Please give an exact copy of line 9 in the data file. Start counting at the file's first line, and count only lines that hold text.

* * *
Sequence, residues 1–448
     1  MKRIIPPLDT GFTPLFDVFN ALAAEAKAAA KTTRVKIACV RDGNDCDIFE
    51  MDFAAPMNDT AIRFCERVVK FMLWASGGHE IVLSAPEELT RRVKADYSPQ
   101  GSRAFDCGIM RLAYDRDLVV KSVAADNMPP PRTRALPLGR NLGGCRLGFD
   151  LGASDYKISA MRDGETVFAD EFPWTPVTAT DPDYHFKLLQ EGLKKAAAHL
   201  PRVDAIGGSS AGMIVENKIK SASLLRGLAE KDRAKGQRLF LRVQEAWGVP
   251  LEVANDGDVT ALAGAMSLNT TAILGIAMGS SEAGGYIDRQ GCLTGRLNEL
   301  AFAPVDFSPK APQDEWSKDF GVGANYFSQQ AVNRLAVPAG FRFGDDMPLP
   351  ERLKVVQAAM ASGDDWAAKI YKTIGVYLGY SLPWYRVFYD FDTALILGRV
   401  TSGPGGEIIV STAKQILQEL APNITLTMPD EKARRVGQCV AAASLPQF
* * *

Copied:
   351  ERLKVVQAAM ASGDDWAAKI YKTIGVYLGY SLPWYRVFYD FDTALILGRV